Bears Attack: Investors Are Betting Against These Stocks

We are in the midst of a market crash. Is the cheapest bank stock in Canada, Laurentian Bank of Canada (TSX:LB), worth owning? Not if you like betting against short-sellers.

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We are amid full market chaos. Bears are mauling bulls, and the markets are wildly unpredictable. In such times, retail investors tend to get caught up in the emotions and head for the exit. Funds flow from growth stocks back into more defensive industries.

Will this be just another blip in the market? It’s too early to tell, but one way to protect your portfolio is not to invest in stocks that investors are betting against. These are stocks that are the target of short-sellers. One of the best metrics is to look at companies that have the highest percentage of shares on loan.

Cheapest Canadian bank stock

At the top of investors short list — Laurentian Bank (TSX:LB). Laurentian has been a mainstay on the list of most-shorted companies for many months. It’s one of the reasons Laurentian’s share price has been mired in a yearly downtrend. Despite putting its mortgage issues behind it, the company is trading at 52-week lows.

At first glance, there is no doubt that Laurentian can be considered the cheapest Canadian bank stock. The company is trading at 0.79 times book value and 7.91 times earnings. There is value to be had here. The problem, however, is that the company is undergoing a capital-intensive revitalization program. Laurentian is in the midst of upgrading its branches and internal systems. This is an expensive undertaking, as the company’s systems and branches are significantly outdated.

If that weren’t enough, the possibility of a strike has investors on the defensive. Laurentian is the only bank in North American with a unionized workforce. The bank and the union have been at an impasse for months, which has hampered the company’s plans to move forward with its strategic plans.

During its last conference call, CEO François Desjardins expressed as much: “We must delay investment in technology and real estate through this sector, including the migration of accounts onto the new core banking platform.” These comments were in direct relation to the uncertainty of labour unrest.

This stock is giving investors nightmares

If you’re having a hard time sleeping, it might be because Sleep Country Canada Holdings (TSX:ZZZ) is jumping up the short list. Now the seventh most-shorted company on the TSX, Sleep Country has been slowly climbing the list. This isn’t a good thing, as it implies investors are increasingly bearish.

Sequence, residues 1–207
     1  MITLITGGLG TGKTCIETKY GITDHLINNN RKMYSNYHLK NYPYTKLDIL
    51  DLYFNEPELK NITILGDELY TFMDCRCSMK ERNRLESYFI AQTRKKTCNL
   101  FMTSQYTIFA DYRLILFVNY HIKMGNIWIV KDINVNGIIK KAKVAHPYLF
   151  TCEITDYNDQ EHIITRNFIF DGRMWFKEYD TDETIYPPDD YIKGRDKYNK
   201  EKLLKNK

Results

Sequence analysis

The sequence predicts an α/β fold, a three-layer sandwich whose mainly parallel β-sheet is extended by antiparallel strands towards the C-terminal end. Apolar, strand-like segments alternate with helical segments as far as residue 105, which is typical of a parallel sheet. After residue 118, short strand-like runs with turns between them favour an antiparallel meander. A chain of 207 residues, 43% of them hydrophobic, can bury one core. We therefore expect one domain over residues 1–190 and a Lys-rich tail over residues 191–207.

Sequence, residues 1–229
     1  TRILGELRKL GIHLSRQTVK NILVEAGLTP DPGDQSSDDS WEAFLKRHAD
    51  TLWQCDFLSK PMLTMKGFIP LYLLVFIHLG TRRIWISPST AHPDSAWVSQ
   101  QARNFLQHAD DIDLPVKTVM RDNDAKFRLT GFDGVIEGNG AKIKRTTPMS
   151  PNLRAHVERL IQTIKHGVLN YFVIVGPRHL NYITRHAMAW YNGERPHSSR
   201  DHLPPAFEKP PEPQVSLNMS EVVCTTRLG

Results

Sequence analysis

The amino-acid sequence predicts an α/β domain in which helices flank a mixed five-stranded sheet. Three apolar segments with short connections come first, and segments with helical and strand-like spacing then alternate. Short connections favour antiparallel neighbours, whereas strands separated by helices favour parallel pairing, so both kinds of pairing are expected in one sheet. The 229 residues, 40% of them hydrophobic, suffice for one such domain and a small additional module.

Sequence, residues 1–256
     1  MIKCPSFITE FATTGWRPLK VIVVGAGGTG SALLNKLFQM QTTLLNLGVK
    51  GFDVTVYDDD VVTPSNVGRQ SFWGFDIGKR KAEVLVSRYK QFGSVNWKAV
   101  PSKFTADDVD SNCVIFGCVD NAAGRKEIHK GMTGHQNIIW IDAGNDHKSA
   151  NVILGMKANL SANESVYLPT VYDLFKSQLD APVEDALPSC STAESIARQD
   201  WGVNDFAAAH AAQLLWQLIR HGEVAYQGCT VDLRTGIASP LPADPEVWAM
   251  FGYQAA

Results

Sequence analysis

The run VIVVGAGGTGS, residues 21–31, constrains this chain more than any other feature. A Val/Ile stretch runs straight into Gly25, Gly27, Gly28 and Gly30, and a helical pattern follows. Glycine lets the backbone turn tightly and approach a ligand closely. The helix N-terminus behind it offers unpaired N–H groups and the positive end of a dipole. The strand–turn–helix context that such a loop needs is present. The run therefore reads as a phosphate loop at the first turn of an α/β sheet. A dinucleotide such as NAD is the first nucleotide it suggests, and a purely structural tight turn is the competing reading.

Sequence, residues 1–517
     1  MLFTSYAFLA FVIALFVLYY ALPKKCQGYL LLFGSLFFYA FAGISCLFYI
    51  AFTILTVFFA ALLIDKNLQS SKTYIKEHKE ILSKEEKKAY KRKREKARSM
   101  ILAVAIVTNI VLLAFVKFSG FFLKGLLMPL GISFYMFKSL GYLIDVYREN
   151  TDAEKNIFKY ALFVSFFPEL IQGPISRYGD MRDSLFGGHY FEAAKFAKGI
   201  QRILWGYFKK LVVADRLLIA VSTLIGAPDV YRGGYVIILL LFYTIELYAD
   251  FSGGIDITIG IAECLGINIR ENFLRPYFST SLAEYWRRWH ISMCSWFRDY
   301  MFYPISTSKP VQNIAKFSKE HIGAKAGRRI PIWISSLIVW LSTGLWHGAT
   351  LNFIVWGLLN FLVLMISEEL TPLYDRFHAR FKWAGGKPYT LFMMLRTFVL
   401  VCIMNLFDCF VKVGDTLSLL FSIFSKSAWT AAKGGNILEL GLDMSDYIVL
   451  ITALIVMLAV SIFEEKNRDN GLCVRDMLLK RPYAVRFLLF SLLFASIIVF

The company has now lost almost 37% year to date and is trading at 52-week lows. At issue? Falling mattress sales. The company is seeing increased competition from online retailers and “mattress-in-a-box” companies. The industry is undergoing significant change, as customers’ shopping habits change. Gone are the days whereby customers would first test a mattress in person before buying.

There is a significant shift happening, and Sleep Country is getting caught snoozing. To make matters worse, insiders haven’t exactly instilled confidence in the company. Insiders have been disposing of shares in the open market at a pace that far exceeds insider buying.

Foolish takeaway

Monitoring short-selling activity is a good way for investors to ensure they aren’t betting against the market. Laurentian Bank and Sleep Country Canada continue to be the target of short-sellers. These companies have significant headwinds, and in today’s volatile market, it’s best to stay away.

This article represents the opinion of the writer, who may disagree with the “official” recommendation position of a Motley Fool premium service or advisor. We’re Motley! Questioning an investing thesis — even one of our own — helps us all think critically about investing and make decisions that help us become smarter, happier, and richer, so we sometimes publish articles that may not be in line with recommendations, rankings or other content.

Fool contributor Mat Litalien has no position in any of the companies listed.   

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